We are in a new era of world history, but no one has noticed.
As pundits lament a world in which nation-states’ relative power is in flux, they’ve missed the new set of actors on the global stage: individuals. The popular protests that have inflamed the Middle East since 2011 are spreading across the globe, albeit in different forms, to places such as Venezuela, Thailand and elsewhere. Pundits and US government officials still see the nation-state system that was birthed by the 1648 Treaty of Westphalia. They are wrong.
We now are in a new era in which nation-states are joined on the global stage by powerful individuals, groups and others who can and are taking actions that are disrupting the traditional world order. While these actors have operated for some time, their ability to effect decisive global and regional change is about to grow exponentially. We now can call this a “Westphalian-Plus” world.
If the United States does not begin to recognize this new global reality and change its strategy accordingly, the dangers that we already see multiplying across the world will grow far graver.
Since the end of World War II, the United States has emphasized “stability” in key regions of the world as the foremost goal of our national strategy. That was appropriate for most of the post-WWII period, but it is no longer the case.
The changes that are afoot, the protests driven by many in every region across the globe who seek dignity, jobs and freedoms; the ongoing shale energy revolution that is positioning the United States as a major energy supplier to the world; and a wide range of disruptive technologies, like biotech and 3D printing, are the new normal.
Rather than seeking stability, the US government should look to harness the ongoing global changes to its national advantage. The United States should be supporting those who seek dignity and rule of law, not ignoring them; it should be intensively removing all barriers to exporting its new energy bounty, not moving incrementally; it should be working with the private sector on a sustained basis to harness the disruptive technologies under development, not perpetuating the distance between Silicon Valley and Washington.
In short, the United States needs to significantly rebalance its strategic portfolio between stability and dynamic change.
Look, for example, at the popular protest movements in the Middle East, Venezuela and elsewhere. Because of the Internet and social media, anyone anywhere can now see what’s going on anywhere else. This awareness is making many want what they see others have: dignity, freedom, rule of law and prosperity.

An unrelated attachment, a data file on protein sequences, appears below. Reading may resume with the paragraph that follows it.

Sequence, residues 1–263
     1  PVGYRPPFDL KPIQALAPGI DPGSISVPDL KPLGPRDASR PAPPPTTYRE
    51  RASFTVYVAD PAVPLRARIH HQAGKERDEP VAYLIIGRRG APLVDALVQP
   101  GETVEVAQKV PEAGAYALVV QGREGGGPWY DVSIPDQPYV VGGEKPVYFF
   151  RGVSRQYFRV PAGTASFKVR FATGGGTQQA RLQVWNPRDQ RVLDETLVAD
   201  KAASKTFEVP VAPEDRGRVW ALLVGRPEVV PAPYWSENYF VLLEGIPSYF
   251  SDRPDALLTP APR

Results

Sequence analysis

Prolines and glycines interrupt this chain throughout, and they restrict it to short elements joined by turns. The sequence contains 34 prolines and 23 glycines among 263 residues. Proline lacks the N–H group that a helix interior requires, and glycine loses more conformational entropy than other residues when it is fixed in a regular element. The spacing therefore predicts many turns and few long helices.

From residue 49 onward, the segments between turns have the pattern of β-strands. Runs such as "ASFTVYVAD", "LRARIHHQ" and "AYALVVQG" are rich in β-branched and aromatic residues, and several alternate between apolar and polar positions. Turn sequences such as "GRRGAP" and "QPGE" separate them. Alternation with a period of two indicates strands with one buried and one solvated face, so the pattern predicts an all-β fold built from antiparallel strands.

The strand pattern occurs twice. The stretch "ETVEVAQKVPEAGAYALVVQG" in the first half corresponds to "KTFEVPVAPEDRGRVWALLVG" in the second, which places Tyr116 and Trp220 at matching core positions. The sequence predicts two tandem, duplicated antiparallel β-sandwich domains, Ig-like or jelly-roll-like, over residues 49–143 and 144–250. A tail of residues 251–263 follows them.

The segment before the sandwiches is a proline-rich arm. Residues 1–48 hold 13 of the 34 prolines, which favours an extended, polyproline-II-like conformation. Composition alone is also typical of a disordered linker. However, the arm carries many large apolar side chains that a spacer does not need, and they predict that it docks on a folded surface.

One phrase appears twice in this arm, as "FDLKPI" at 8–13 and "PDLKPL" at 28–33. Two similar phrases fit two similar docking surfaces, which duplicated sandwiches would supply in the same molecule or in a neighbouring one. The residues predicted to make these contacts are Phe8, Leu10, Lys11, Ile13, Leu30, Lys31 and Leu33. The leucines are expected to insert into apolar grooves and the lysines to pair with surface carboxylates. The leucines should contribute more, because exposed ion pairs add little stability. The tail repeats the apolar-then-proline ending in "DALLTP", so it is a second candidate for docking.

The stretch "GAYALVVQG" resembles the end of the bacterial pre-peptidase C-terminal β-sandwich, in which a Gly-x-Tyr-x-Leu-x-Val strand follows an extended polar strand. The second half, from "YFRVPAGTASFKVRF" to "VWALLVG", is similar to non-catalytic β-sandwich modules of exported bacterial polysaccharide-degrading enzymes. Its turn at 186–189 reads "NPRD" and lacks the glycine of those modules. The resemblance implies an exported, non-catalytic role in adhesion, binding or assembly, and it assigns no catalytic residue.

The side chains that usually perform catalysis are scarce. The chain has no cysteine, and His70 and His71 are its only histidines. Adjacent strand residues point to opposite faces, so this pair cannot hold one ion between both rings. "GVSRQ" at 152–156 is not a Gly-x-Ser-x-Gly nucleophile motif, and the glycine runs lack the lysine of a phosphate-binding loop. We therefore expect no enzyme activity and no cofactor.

People now can organize much more easily than in the past to demand such things from their governments, most of which lack the capacity to offer them. And it only gets worse for those governments. By 2030, for the first time in history, five-eighths of the global population will live in the middle class. That means the world’s majority will demand these resources, creating new tensions between the government and the governed, further eroding state power.
The proliferation of disruptive technologies, such as 3D and 4D printing, a biotechnology explosion, robotics, algorithms, big data and later, quantum computing, will produce a plethora of new threats and unprecedented opportunities. In warfare as in health care, these technologies will be used for good, nefarious and ambiguous purposes. They also can be harnessed for personal use, giving individuals more power and capabilities at their disposal than some militaries have today.
It is this nexus of greater individual autonomy and more powerful and personalized capabilities that defines the coming era of people power. So when thinking about our world today and the value the United States places on regional stability, it becomes clear that this strategy is no longer viable. Washington needs a dynamic framework to deal with a dynamic world.
The Westphalian-Plus global landscape offers enormous opportunities to strengthen American prosperity and security if we identify and monitor the most important changes that are underway; develop approaches to seize the opportunities and face the challenges; and systematically and comprehensively realign our resources and institutions to do so.
Such a new national strategy — call it a “dynamic security” strategy — would require much more active and agile US leadership in the world than we have seen since the Cold War. Continuing to pursue the current American approach of restraint and maintenance will lead both to interstate conflict in East and Southwest Asia, to intrastate turmoil, and to new insecurity in the US itself.
The United States has a chance to lead in this new global era; if not seized upon, dangers will multiply. ■
Barry Pavel is Atlantic Council vice president and director of its Brent Scowcroft Center on International Security.